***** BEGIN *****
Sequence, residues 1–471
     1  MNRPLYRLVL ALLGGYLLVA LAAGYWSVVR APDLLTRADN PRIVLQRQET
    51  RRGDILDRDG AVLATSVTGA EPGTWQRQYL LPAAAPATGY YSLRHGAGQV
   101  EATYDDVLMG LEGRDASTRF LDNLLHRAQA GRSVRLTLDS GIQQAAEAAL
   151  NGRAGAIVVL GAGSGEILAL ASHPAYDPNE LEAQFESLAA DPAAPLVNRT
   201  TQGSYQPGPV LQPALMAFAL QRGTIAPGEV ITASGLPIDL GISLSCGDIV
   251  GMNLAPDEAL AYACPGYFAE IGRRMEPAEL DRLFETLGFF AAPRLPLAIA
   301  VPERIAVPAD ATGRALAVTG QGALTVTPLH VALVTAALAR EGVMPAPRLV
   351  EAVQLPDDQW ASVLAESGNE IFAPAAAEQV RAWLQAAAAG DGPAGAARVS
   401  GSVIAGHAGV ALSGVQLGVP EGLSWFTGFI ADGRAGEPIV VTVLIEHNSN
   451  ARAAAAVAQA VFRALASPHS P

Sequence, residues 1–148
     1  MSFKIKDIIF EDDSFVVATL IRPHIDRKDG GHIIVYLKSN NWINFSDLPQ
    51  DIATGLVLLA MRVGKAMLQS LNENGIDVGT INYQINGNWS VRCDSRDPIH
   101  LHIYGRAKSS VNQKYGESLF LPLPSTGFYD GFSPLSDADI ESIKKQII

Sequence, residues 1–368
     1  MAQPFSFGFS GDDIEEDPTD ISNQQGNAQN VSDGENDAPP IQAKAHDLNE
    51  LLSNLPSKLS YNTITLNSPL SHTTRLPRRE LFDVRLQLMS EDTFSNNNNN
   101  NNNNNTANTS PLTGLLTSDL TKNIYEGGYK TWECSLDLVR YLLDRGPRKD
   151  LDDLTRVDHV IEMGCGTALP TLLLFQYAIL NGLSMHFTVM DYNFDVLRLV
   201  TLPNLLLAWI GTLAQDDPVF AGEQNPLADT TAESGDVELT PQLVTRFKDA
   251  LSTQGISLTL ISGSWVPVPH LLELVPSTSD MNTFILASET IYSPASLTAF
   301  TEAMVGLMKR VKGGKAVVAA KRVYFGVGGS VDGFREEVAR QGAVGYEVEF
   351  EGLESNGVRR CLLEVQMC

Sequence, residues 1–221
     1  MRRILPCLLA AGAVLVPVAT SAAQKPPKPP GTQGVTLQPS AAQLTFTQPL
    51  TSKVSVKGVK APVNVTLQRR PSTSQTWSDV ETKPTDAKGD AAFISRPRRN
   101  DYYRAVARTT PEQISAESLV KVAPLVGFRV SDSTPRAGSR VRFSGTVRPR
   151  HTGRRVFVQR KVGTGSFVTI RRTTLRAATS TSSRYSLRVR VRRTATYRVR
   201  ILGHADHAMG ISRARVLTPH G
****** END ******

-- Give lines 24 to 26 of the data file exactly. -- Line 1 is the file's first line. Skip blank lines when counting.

   351  EGLESNGVRR CLLEVQMC

Sequence, residues 1–221
     1  MRRILPCLLA AGAVLVPVAT SAAQKPPKPP GTQGVTLQPS AAQLTFTQPL